Urban mobility for women empowerment in the decade of action

In cities, infrastructure is a necessary foundation for achieving sustainable and inclusive socio-economic growth as it directly affects access to education, work, and other services. Yet, cities are often designed without considering the needs of all the members of society. Lack of mobility within cities can lead to geographical segregation — exacerbating inequalities by reducing new opportunities for women and marginalised groups in urban areas. Building infrastructure in cities that is gender-blind can lead to the social and economic exclusion of a large section of the population.

It is necessary to study urban mobility from a gendered perspective as access to safe mobility directly relates to the fulfillment of the 2030 Agenda for Sustainable Development Goals (SDGs).  It can ensure women’s effective participation and equal opportunities for leadership in political, economic, and public life (SDG 5.5). Thus, urban development must view women as end-users of transport infrastructure and consider their diverse needs.

The gendered perspective of transport 

Often due to differences occurring in socially constructed gender roles, women are predisposed towards certain travel characteristics that are distinct from those of men. These differences in travelling patterns can be due to several reasons such as variation in responsibilities, safety concerns, lesser income, and lower bargaining and decision-making powers.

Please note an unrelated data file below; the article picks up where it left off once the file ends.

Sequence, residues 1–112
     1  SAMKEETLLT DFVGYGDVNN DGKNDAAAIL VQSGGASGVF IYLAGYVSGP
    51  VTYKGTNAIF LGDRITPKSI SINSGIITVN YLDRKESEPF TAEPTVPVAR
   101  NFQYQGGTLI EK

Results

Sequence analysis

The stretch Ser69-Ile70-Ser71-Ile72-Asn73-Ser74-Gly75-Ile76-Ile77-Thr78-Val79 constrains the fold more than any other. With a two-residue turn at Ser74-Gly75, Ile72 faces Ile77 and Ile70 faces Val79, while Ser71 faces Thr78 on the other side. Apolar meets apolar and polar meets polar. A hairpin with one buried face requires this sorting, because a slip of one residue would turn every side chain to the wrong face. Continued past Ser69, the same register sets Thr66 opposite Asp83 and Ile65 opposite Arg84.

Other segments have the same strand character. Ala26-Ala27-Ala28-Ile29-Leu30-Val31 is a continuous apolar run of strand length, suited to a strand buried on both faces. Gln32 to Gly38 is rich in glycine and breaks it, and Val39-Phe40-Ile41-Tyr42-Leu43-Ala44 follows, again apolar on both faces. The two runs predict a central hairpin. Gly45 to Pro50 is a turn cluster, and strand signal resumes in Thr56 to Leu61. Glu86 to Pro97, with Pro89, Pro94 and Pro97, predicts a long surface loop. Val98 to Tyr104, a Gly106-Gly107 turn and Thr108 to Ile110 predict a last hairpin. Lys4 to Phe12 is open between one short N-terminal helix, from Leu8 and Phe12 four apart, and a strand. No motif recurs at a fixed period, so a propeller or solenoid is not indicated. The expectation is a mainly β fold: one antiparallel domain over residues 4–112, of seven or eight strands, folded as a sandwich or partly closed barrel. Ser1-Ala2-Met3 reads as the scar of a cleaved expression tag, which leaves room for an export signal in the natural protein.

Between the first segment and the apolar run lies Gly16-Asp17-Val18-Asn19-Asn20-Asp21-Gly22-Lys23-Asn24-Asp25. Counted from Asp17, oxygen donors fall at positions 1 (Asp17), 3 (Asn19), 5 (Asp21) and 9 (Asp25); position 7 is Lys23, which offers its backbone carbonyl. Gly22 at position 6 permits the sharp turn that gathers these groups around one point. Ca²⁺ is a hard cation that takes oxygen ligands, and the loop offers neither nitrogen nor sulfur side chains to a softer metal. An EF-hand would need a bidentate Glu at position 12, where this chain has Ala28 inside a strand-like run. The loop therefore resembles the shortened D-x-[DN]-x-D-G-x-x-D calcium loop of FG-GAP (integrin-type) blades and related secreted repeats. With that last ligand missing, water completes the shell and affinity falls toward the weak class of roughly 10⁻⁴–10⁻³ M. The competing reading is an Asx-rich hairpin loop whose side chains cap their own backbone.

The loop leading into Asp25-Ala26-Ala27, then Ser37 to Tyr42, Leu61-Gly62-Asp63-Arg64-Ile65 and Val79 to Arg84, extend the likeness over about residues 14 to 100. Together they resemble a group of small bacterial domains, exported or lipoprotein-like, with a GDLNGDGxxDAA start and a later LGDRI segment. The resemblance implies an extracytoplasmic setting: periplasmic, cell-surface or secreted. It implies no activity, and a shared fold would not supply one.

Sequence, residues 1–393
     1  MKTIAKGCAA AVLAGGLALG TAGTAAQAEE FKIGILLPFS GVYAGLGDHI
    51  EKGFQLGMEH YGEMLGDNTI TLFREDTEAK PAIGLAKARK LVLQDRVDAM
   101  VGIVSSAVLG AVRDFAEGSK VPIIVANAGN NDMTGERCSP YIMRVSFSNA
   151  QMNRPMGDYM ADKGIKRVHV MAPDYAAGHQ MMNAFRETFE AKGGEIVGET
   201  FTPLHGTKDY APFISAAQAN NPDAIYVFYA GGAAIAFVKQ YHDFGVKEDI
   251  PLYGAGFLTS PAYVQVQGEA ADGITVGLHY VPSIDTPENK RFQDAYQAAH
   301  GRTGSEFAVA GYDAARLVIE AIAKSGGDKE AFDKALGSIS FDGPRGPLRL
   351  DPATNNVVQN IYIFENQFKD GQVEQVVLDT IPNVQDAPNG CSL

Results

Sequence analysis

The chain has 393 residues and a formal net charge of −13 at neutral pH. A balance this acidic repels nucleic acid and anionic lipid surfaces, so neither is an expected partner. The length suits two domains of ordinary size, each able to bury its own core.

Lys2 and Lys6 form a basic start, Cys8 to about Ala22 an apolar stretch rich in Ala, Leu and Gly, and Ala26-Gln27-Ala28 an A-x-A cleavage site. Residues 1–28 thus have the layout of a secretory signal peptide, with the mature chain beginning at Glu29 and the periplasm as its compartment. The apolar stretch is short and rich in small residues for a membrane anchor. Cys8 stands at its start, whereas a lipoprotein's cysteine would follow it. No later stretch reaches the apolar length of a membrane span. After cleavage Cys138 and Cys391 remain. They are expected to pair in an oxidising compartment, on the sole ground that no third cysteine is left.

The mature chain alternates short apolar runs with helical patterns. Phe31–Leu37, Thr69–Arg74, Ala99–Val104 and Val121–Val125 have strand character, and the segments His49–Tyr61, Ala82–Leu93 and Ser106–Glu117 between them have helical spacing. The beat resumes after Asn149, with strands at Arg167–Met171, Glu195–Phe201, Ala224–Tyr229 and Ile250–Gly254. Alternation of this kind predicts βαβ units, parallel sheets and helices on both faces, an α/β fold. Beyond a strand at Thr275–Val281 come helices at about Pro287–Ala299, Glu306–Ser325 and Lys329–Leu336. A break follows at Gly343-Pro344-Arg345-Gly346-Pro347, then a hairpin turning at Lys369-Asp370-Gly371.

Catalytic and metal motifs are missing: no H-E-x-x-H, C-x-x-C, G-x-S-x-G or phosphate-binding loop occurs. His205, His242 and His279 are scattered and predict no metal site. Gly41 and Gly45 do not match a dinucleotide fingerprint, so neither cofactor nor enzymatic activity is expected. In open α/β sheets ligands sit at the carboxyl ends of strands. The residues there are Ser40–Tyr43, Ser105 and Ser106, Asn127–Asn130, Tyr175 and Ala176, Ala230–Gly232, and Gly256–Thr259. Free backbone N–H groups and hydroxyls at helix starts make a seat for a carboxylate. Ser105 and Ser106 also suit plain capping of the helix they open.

Safety is a major concern raised by women regarding limited access to urban transport; the incidence of gender-based violence is higher for women. A report on Women and Mobility by the Asia Foundation showed that 50 percent of sexual harassment cases against women in cities took place while using public transport and 16 percent while waiting for public transport. It was also found that poor infrastructure including lack of street lights, public toilets, and useable pavements, made travelling by public transport more uncomfortable and unsafe.

Further, it was observed that long distances are a major deterrent for women’s participation in the labour force. An Informal Economy Monitoring Survey highlighted that women in urban areas are more likely to decline better-paid jobs that are far away from their homes for lower-paid, local opportunities — primarily as urban transport does not account for their needs of affordability, safety, comfort, and security. In another instance, it was found that when women were displaced in Delhi from an informal settlement to the periphery of the city, their employment fell by 27 percent.